Raoult's Law and Non-volatile Solutes
This page deals with Raoult's Law and how it applies to solutions in which the solute is non-volatile – for example, a solution of salt in water. A non-volatile solute (the salt, for example) hasn't got any tendency to form a vapour at the temperature of the solution.
It goes on to explain how the resulting lowering of vapour pressure affects the boiling point and freezing point of the solution.
Important: If you haven't already read the page about saturated vapour pressure, you should follow this link before you go on.
There are several ways of stating Raoult's Law, and you tend to use slightly different versions depending on the situation you are talking about. You can use the simplified definition in the box below in the case of a single volatile liquid (the solvent) and a non-volatile solute.
The vapour pressure of a solution of a non-volatile solute is equal to the vapour pressure of the pure solvent at that temperature multiplied by its mole fraction.
In equation form, this reads:
In this equation, Po is the vapour pressure of the pure solvent at a particular temperature.
xsolv is the mole fraction of the solvent. That is exactly what it says it is – the fraction of the total number of moles present which is solvent.
You calculate this using:
Suppose you had a solution containing 10 moles of water and 0.1 moles of sugar. The total number of moles is therefore 10.1
The mole fraction of the water is:
A Simple Explanation of Why Raoult's Law Works
There are two ways of explaining why Raoult's Law works – a simple visual way, and a more sophisticated way based on entropy. Because of the level I am aiming at, I'm just going to look at the simple way.
Remember that saturated vapour pressure is what you get when a liquid is in a sealed container. An equilibrium is set up where the number of particles breaking away from the surface is exactly the same as the number sticking on to the surface again.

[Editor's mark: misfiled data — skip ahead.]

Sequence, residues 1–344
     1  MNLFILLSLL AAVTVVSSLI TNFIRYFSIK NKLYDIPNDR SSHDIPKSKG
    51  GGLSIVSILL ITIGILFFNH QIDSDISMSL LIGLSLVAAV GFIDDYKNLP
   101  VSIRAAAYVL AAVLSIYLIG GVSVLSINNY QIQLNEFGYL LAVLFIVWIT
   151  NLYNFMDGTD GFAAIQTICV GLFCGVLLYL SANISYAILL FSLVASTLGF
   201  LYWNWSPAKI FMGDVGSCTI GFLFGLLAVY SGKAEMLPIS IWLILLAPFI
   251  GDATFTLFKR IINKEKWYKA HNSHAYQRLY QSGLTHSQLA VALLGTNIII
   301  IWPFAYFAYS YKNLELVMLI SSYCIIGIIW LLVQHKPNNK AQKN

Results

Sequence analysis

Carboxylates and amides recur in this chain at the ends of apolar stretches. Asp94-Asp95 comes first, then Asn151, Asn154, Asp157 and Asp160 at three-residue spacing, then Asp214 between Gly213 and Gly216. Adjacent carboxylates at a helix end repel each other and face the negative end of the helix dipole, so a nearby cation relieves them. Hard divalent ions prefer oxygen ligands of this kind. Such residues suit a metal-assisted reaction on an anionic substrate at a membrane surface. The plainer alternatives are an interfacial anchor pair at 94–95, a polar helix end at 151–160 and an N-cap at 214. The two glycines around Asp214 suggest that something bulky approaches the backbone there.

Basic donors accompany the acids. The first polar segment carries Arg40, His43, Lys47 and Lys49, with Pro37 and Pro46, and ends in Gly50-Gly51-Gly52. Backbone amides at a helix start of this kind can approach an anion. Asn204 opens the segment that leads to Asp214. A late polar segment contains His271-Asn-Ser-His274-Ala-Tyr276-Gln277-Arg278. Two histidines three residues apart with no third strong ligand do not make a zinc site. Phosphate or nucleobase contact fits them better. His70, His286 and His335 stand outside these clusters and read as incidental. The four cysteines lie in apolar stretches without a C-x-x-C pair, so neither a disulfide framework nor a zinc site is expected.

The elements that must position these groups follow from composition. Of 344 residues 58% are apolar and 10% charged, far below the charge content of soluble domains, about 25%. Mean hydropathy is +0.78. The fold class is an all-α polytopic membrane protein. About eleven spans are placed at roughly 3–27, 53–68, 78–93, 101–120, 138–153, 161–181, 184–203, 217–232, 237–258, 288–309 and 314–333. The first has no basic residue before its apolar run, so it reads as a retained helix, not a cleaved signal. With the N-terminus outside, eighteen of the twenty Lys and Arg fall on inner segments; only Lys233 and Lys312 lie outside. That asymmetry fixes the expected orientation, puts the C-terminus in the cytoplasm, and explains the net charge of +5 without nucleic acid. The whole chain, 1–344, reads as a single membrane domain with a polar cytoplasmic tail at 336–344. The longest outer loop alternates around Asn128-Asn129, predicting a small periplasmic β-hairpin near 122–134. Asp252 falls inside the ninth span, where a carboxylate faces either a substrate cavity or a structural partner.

Now suppose you added enough solute so that the solvent molecules only occupied 50% of the surface of the solution.
A certain fraction of the solvent molecules will have enough energy to escape from the surface (say, 1 in 1000 or 1 in a million, or whatever). If you reduce the number of solvent molecules on the surface, you are going to reduce the number which can escape in any given time.
But it won't make any difference to the ability of molecules in the vapour to stick to the surface again. If a solvent molecule in the vapour hits a bit of surface occupied by the solute particles, it may well stick. There are obviously attractions between solvent and solute otherwise you wouldn't have a solution in the first place.
The net effect of this is that when equilibrium is established, there will be fewer solvent molecules in the vapour phase – it is less likely that they are going to break away, but there isn't any problem about them returning.
If there are fewer particles in the vapour at equilibrium, the saturated vapour pressure is lower.
Limitations of Raoult's Law
Raoult's Law only works for ideal solutions. An ideal solution is defined as one which obeys Raoult's Law.
Features of an ideal solution
In practice, there's no such thing! However, very dilute solutions obey Raoult's Law to a reasonable approximation. The solution in the last diagram wouldn't actually obey Raoult's Law – it is far too concentrated. I had to draw it that concentrated to make the point more clearly.